Similarly, Bernstein highlighted the university’s increase in admitted international students. He stressed the need to continue to provide a welcoming and inclusive environment for them.

“We are an elite institution not an elitist institution — that is very much part of our DNA here at Stony Brook,” he said.

On the economic side of things, Bernstein touted that SBU continues to be a vital contributor to Long Island.

SBU is the largest single-site employer on Long Island with more than 15,000 employees and has continued to be an economic driver in the local economy generating more than $7.2 billion.

Bernstein highlighted the accomplishments of Stony Brook Medicine.

He mentioned the expansion of the Stony Brook Medicine umbrella with new partnerships in Southampton that include the MART building in November and the Children’s Hospital in the Hospital Pavilion, which had a ribbon-cutting ceremony today.

“[The hospital] will be the very best facility on Long island for pediatric care,” Bernstein said.

Reducing expenses and increasing revenue was an important topic brought up.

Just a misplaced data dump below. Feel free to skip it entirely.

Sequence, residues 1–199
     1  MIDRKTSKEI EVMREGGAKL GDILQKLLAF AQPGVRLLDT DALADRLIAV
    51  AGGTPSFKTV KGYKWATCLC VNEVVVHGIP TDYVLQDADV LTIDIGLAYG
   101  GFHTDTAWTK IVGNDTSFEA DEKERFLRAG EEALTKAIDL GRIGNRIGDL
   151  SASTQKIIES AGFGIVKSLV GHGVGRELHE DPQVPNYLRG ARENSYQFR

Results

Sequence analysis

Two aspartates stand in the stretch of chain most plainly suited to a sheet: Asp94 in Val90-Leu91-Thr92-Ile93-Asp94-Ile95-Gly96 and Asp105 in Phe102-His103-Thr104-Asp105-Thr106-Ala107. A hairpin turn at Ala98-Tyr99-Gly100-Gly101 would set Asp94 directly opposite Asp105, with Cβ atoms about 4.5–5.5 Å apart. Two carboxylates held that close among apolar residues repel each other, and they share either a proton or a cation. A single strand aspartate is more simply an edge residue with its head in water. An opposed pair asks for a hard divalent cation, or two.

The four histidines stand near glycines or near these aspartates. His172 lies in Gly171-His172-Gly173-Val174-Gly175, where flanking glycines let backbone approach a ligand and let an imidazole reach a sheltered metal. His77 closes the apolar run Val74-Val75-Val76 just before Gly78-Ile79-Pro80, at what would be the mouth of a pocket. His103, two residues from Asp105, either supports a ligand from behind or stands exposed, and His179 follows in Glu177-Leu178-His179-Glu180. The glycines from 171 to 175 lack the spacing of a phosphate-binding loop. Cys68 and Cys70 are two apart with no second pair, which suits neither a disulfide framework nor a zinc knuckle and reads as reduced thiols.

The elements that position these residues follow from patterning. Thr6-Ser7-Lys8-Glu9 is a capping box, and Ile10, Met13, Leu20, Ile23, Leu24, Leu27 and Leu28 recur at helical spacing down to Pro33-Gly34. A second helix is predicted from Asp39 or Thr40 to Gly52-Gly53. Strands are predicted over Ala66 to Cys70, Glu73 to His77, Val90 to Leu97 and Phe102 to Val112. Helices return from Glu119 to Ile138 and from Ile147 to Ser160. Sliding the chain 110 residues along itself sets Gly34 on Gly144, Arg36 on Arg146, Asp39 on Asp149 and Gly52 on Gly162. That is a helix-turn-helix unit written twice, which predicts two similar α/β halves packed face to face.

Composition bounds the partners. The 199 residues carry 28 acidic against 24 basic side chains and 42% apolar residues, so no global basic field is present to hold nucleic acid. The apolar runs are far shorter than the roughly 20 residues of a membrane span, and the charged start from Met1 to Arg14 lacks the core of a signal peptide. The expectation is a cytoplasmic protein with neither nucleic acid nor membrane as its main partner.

Bernstein said efforts have been made to streamline university operations and monitor hiring. Top budget priority areas for the 2019-20 school year are focused on student success, growth in research and faculty support. Construction on new buildings and residence halls are underway as well as plans to address parking problems on campus.

“We know we have to address those issues,” he said. “We will get to a better outcome downstream and we salute you for your patience.”

The interim president also made sure to highlight the university’s four-year graduation rate. The rate for the class entering in 2015 has reached 64 percent, which signifies a 17-point increase over a six-year period.

File photo

With the departure of Dr. Samuel L. Stanley Jr. as Stony Brook University president July 31 and the appointment of Michael Bernstein as interim president, the school and the State University of New York have begun the process of finding a new permanent president. Elected officials and community groups have called on SUNY to include local representatives in the search committee and selection process.

Supervisor Ed Romaine during his State of the Town address. Photo by Kyle Barr